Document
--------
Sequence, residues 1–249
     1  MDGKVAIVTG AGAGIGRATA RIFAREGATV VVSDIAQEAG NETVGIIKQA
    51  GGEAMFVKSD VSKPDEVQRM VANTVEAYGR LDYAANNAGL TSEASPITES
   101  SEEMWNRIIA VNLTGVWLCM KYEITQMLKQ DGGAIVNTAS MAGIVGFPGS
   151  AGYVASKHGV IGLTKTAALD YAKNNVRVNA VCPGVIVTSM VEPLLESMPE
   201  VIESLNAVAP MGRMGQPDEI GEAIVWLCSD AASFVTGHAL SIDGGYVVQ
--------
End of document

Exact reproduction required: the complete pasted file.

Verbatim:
Sequence, residues 1–249
     1  MDGKVAIVTG AGAGIGRATA RIFAREGATV VVSDIAQEAG NETVGIIKQA
    51  GGEAMFVKSD VSKPDEVQRM VANTVEAYGR LDYAANNAGL TSEASPITES
   101  SEEMWNRIIA VNLTGVWLCM KYEITQMLKQ DGGAIVNTAS MAGIVGFPGS
   151  AGYVASKHGV IGLTKTAALD YAKNNVRVNA VCPGVIVTSM VEPLLESMPE
   201  VIESLNAVAP MGRMGQPDEI GEAIVWLCSD AASFVTGHAL SIDGGYVVQ